25-45 Cat Hollow Rd, Dayville, CT
The Cat Hollow Town Park was opened in 2003. The park contains a 0.5-mile trail along Cat Hollow Road that is suitable for bicycles and strollers. The road is closed off to traffic. The trail parallels the Whetstone Brook and a beautiful mill pond and waterfalls. The site of the original mill is about halfway down the trail.
Sayles and Sabin Mill (Cat Hollow Mill)
The land records indicate that both sawmill and grist mill existed in the vicinity of the Cat Hollow Mill by the end of the 1700's. In 1798 Brazilla Fisher deeded his son Dexter Fisher 16 acres, a dwelling, a sawmill and grist mill for seven years of work. The site changed ownership during the early 1800's and Thomas Durfee and his son-in-law Jude May were operating the site by about 1828. Lester’s 1833 map shows only a sawmill.
By about 1850 this site had been converted to use for textiles, and Sabin and Harris Sayles of Pascoag, Rhode Island were operating a woolen mill here. That early mill burned in 1858. They also owned the Dayville site and continued operations there for many years. About 1875 a mill was erected on this site and was utilized in conjunction with the Dayville mill. According to Richard Adams in Mills along the Whetstone Brook a fire destroyed a portion of the mill prior to 1924. After that, the site was utilized to manufacture nails and later was used as a storage facility for the Cliquot Club Soda Company. In recent years, it was the residence of Robert Lucas. The mill was destroyed by fire December 4, 2001.
The history of Cat Hollow and the adjacent mills along the Whetstone Brook
The Whetstone Brook has been a source of waterpower since the early days of settlements in Killingly. The proprietors of Chestnut Hill erected a sawmill at the eastern end of the brook by 1715. Nicholas Cady had apparently constructed both sawmills and grist mills on the western portion of the brook by late 1716. The exact location of these mill sites is unknown and it may have been closer to Elmville, which is located just north of the junction of the Whetstone Brook and the Five Mile River.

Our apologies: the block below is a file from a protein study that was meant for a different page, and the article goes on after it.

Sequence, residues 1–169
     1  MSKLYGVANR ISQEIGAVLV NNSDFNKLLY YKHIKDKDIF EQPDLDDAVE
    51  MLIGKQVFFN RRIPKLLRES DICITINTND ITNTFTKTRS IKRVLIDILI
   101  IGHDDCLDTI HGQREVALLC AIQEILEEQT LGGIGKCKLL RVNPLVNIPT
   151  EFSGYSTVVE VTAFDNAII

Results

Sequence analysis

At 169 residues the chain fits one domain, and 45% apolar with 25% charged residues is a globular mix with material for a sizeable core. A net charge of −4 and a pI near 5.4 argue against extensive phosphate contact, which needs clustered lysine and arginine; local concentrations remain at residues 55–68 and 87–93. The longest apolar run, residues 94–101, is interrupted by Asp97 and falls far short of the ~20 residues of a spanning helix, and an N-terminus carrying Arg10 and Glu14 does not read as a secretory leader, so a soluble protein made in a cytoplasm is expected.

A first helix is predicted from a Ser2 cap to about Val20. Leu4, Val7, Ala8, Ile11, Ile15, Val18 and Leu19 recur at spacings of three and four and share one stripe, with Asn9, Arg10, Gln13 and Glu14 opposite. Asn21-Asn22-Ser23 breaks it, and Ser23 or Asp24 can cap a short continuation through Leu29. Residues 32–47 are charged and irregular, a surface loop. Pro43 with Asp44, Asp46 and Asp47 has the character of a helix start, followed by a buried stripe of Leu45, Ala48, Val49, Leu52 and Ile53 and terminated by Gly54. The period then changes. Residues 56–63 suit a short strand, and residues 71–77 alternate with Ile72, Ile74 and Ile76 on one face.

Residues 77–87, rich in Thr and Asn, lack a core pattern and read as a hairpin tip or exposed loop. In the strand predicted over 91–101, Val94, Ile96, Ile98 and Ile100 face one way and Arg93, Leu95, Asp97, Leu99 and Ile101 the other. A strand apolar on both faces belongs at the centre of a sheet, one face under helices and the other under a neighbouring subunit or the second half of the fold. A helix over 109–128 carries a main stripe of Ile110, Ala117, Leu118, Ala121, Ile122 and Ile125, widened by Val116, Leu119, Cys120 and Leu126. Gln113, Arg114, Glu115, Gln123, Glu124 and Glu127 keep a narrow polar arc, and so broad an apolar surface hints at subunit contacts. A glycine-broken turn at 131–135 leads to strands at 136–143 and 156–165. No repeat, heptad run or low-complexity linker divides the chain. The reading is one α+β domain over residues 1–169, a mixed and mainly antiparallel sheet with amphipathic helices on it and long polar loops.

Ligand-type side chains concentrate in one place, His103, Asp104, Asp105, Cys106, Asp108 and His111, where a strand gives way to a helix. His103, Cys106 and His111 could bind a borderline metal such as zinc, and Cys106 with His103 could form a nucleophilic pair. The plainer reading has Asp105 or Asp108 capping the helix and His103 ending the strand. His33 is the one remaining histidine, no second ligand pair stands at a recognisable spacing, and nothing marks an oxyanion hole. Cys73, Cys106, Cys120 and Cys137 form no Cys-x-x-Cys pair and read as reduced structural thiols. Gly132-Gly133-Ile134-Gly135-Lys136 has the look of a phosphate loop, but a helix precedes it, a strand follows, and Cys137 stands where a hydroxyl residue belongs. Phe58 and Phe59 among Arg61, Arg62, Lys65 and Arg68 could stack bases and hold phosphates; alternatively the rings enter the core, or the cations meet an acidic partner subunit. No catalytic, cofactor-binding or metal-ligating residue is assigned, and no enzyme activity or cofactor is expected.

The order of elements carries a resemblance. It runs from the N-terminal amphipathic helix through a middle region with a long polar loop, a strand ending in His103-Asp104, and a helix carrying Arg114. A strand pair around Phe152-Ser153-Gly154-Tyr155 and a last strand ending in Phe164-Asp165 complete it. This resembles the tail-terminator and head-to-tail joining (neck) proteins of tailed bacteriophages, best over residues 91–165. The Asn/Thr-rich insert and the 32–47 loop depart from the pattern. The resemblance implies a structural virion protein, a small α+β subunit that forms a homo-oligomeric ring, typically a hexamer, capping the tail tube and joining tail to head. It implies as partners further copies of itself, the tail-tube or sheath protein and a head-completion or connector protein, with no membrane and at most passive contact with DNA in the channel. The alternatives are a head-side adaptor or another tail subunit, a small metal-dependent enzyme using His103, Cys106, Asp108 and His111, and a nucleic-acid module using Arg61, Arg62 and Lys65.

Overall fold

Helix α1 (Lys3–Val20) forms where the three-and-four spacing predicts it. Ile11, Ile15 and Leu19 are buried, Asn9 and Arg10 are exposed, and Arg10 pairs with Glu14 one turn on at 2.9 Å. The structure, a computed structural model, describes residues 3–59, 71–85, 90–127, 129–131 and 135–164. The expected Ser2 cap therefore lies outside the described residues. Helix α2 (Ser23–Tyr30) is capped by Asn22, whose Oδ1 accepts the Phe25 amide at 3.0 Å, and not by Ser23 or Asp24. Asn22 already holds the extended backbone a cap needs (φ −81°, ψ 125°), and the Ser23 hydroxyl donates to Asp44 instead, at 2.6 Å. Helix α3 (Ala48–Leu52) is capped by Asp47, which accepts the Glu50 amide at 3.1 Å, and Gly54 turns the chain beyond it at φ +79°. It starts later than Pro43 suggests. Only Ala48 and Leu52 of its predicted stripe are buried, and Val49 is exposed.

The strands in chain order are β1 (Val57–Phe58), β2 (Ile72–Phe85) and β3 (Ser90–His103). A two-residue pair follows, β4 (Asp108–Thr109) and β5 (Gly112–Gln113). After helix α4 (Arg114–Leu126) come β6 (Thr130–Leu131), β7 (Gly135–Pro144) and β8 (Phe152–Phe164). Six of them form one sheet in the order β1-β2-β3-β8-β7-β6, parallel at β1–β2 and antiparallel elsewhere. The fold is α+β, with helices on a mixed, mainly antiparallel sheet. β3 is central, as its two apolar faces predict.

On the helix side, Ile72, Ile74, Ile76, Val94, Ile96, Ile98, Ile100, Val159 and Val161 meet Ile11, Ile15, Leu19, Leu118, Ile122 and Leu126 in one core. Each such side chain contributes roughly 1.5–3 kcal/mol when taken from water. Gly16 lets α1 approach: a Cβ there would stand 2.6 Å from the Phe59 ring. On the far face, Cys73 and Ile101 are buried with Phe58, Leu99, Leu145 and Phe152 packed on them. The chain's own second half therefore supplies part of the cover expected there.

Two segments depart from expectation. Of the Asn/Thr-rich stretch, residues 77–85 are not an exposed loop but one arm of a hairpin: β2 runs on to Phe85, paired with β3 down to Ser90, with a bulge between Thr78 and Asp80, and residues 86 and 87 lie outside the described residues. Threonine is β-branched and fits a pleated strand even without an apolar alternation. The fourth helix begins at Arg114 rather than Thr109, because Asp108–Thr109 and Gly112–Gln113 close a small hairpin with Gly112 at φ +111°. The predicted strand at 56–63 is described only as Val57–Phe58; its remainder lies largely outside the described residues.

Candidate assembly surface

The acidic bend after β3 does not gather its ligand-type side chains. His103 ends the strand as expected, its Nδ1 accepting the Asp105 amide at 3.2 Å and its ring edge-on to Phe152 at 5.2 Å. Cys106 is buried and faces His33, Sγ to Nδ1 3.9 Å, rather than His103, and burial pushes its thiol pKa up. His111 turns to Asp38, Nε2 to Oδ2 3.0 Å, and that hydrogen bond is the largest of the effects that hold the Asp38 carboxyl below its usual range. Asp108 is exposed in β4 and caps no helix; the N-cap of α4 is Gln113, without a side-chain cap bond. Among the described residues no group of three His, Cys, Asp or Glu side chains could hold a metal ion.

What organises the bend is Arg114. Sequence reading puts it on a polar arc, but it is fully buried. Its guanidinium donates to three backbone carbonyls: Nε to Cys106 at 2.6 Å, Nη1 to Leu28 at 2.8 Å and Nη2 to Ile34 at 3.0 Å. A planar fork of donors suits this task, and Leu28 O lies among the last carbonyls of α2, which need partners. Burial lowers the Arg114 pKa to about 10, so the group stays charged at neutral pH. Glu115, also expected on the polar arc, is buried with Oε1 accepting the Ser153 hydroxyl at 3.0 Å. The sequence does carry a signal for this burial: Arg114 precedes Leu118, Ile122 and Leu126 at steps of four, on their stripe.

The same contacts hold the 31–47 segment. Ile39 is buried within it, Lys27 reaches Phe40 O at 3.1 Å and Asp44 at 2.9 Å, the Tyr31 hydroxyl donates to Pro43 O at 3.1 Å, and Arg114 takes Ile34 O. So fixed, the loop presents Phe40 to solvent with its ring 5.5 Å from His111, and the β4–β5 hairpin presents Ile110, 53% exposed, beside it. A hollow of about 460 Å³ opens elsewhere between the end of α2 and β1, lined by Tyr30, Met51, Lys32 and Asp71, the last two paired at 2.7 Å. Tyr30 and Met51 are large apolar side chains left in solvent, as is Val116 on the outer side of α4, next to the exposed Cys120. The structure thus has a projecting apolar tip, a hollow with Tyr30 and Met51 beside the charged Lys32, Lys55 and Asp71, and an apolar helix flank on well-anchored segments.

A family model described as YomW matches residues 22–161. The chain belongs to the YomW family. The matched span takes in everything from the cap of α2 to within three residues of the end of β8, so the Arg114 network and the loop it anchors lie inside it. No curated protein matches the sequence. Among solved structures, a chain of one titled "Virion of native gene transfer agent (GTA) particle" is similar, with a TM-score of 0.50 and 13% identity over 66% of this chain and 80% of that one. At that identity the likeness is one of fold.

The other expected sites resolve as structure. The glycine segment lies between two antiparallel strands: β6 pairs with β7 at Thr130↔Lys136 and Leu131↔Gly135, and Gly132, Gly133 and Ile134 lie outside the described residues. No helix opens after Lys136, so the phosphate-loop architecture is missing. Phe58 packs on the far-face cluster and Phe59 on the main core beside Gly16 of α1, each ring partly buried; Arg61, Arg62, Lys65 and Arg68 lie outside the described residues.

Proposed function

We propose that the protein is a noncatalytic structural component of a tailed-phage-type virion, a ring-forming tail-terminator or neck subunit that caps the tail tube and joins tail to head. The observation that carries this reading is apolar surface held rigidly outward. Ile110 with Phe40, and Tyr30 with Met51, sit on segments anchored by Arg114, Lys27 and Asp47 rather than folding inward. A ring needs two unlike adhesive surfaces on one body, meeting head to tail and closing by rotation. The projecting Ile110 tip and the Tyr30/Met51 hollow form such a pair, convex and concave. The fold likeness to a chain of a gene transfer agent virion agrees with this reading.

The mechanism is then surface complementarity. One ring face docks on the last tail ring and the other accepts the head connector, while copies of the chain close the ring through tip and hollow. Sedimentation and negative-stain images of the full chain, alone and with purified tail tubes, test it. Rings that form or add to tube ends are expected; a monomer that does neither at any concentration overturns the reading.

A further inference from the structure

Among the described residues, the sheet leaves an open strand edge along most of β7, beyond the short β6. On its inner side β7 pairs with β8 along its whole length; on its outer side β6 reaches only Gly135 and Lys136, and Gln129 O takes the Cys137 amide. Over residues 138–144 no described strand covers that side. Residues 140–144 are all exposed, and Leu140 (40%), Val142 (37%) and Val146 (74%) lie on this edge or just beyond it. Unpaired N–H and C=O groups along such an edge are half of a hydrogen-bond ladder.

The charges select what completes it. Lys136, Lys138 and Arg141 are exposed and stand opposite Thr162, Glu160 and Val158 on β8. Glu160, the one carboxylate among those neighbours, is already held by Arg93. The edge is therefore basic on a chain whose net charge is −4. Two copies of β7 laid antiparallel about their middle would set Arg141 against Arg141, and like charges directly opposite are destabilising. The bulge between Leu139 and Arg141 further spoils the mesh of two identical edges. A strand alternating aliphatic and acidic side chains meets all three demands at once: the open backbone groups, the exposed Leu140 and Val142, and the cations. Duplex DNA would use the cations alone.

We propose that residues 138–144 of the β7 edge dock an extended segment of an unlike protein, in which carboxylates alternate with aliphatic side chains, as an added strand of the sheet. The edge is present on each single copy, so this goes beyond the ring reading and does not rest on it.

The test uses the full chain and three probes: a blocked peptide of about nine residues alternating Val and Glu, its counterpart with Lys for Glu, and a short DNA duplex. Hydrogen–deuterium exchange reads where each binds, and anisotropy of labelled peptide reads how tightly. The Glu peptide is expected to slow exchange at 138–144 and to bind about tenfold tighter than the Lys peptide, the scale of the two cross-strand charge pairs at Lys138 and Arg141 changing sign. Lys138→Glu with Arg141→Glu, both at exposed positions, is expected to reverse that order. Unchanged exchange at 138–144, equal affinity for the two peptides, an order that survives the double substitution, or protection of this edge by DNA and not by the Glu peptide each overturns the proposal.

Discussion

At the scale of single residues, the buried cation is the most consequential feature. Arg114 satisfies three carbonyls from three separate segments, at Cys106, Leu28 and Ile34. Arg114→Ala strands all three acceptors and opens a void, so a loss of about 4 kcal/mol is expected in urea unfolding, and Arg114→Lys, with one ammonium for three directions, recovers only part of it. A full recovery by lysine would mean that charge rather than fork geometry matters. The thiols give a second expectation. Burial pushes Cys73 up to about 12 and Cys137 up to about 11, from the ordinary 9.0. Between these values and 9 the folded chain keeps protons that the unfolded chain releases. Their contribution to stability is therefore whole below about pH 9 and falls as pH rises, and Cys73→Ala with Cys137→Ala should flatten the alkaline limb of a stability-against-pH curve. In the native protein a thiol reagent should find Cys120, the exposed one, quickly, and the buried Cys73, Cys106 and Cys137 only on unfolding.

The availability of this wonderful source of waterpower from the rapidly descending brook meant that numerous small cotton and woolen mills were erected along its banks at the beginning of the industrial age in the early 1800's. The Whetstone Brook drops about 70' in the first 200 yards. These mills helped to make Killingly the greatest cotton manufacturing town in Connecticut in 1836.
Killingly Worsted Mill
The second mill in the Cat Hollow trail area was the old Killingly Worsted Mill. The wooden building was built for Phebe Sayles and Sarah Potter in the late 1860's and was called the Sayles and Potter Woolen Mill. The mill was a three-story wooden building measuring 40' x 150' long. Before the present dam was built, water had to be drawn from upstream by means of a long canal. The present dam was probably built in the 1870's to give the mill larger quantities of water. By 1889, Timothy E. Hopkins obtained the mill and used it to produce fancy cashmere. By 1915, William Litch was operating this site as the Killingly Worsted Company. The Hale Manufacturing Company occupied the site from the 1950's to the 1970's. A number of fires gutted the mill building in 1978 and two years later it was torn down. The waterfall still remains as a reminder of the industrial activity of this site.
Elmville Mill (Danielson Manufacturing Company, Colt Plastic)
The junction of route 12 and the Whetstone Brook was the site of the Dexter Mill built in the early 1800's. It was powered by a water wheel and served as a woolen mill until a fire in 1877. The current three-story brick mill building was built in its place covering 50' x 175' long. After changing hands many times, the building became the Danielson Manufacturing Company in 1935 and was converted to the production of leather goods. Since the late 1960's, the mill building has been used primarily for storage and remains largely unchanged from the day it was built.